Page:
1815. 2-storey over raised basement, 3-bay symmetrical classical house. Rectangular, double-pile plan, 2-storey over raised basement projection to rear (E) with additional storey to centre section. Polished sandstone ashlar principal elevation over pebble-rusticated basement, droved at centre, coursed rubble rear elevations with droved dressings. Ashlar base course, band course at principal floor level, string course at 1st floor, cornice at eaves with blocking course above.
W (PRINCIPAL) ELEVATION: round-arched doorway at principal floor in slightly advanced centre bay, tripartite window at 1st floor (narrow sidelights) pediment at eaves with swagged urns and blind thermal window in tympanum. Venetian windows at principal floor with balustraded aprons, and blinded over-arches in outer bays. 10-step stone forestair oversailing basement to principal entrance door.
S ELEVATION: 2 bays, with windows at 2nd floor only.
E (REAR) ELEVATION: 4 bays, 2-bay projecting centrepiece with bipartite window centred at 3rd floor, band course at sill level, irregularly fenestrated flanking sections. French window at principal floor, left bay of centrepiece, accessed by concrete stair with decorative cast-iron handrail.
N ELEVATION: 2 bays, with blind windows at 2nd floor only.
Timber sash and case windows, plate glass at principal floor,
W elevation, and 4th bay, E elevation. 12-pane timber sash and case windows to 1st floor, principal floor 3rd bay and 9-pane to W elevation basement, 3rd bay, 4-pane elsewhere. Grey slate piended roof to main block, rear projection and flanking sections. Piend-roofed, slate-hung canted dormer windows to outer bays at rear pitch of main block, 6-pane timber sash and case window to centre. Wrought-iron handrail to forestair, weathervane attached to NW chimney, with gilded flag finial. Cast-iron downpipes and gutter to projection at rear. Iron bars to basement windows. Coped ashlar stacks.
INTERIOR: cornices, 6-panel doors and marble chimney pieces surviving in all main rooms at principal and 1st floors. Panelling to SW room at principal floor with decorative plaster pilasters flanking Venetian window, repeated in NW room. Full-height oval scale and platt stair with cast iron balusters and timber handrail, cupola above, with coved and corniced surround. Curved, architraved doors leading off. Marble greyhound sculpture (recently (1994) painted gold) in vestibule over entrance door.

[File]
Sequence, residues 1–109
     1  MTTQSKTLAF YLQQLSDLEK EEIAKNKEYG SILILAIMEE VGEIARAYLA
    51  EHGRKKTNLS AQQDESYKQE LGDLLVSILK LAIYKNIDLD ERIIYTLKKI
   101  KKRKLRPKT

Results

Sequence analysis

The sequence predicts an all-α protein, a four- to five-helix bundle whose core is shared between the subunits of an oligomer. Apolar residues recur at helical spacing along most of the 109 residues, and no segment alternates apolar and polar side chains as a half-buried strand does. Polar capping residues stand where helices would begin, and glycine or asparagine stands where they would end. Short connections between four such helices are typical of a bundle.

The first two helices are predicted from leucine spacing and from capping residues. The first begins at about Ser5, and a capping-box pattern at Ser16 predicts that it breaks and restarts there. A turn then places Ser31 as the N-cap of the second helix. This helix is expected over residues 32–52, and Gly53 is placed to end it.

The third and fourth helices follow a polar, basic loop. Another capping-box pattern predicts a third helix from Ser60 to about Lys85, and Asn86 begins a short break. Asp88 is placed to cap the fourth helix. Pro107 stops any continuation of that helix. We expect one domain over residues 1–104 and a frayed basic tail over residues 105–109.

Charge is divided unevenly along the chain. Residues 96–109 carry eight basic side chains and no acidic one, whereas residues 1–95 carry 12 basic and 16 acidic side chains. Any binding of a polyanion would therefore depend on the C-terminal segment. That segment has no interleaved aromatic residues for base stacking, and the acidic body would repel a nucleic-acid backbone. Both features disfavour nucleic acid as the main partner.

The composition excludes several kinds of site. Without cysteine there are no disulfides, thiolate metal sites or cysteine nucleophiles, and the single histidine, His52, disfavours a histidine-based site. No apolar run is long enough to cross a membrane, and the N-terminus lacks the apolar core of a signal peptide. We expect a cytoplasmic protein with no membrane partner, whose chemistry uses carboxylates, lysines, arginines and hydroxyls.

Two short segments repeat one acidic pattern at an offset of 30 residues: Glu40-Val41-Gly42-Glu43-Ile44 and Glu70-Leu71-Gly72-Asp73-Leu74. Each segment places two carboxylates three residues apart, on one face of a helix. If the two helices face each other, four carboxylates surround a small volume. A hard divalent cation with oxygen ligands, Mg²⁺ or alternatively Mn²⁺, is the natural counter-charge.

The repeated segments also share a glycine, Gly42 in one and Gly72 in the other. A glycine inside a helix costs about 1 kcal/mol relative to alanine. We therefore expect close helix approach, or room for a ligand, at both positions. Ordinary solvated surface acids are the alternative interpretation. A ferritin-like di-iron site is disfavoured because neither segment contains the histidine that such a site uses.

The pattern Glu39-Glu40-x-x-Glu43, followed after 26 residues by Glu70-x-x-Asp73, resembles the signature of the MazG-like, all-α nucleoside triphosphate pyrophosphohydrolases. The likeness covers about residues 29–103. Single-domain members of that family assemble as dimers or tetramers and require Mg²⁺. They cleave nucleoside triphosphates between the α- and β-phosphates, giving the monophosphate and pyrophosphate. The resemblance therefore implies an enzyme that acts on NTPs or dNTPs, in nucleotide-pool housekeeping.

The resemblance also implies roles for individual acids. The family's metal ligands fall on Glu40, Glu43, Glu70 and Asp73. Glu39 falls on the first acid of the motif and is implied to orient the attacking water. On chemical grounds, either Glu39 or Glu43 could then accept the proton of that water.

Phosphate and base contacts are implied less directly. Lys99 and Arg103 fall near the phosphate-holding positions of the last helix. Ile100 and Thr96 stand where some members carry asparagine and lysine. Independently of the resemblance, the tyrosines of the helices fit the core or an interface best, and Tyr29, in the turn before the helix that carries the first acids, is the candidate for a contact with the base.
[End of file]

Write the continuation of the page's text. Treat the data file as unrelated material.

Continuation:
GATES AND GATEPIERS: modern wrought-iron railings to front of building, garden gate to S end of principal front, square ashlar piers, capped, with urns, original pattern wrought-iron gates.
Historic Environment Scotland is responsible for the designation of buildings, monuments, gardens and designed landscapes and historic battlefields. We also advise Scottish Ministers on the designation of historic marine protected areas.
Listing is the way that a building or structure of special architectural or historic interest is recognised by law through the Planning (Listed Buildings and Conservation Areas) (Scotland) Act 1997.
We list buildings of special architectural or historic interest using the criteria published in the Historic Environment Scotland Policy Statement.
The statutory listing address is the legal part of the listing. The information in the listed building record gives an indication of the special architectural or historic interest of the listed building(s). It is not a definitive historical account or a complete description of the building(s). The format of the listed building record has changed over time. Earlier records may be brief and some information will not have been recorded.
Listing covers both the exterior and the interior. Listing can cover structures not mentioned which are part of the curtilage of the building, such as boundary walls, gates, gatepiers, ancillary buildings etc. The planning authority is responsible for advising on what is covered by the listing including the curtilage of a listed building. For information about curtilage see www.historicenvironment.scot. Since 1 October 2015 we have been able to exclude items from a listing. If part of a building is not listed, it will say that it is excluded in the statutory address and in the statement of special interest in the listed building record. The statement will use the word 'excluding' and quote the relevant section of the Historic Environment Scotland Act 2014. Some earlier listed building records may use the word 'excluding', but if the Act is not quoted, the record has not been revised to reflect current legislation.
If you want to alter, extend or demolish a listed building you need to contact your planning authority to see if you need listed building consent. The planning authority is the main point of contact for all applications for listed building consent.
Find out more about listing and our other designations at www.historicenvironment.scot. You can contact us on 0131 668 8716 or at email@example.com.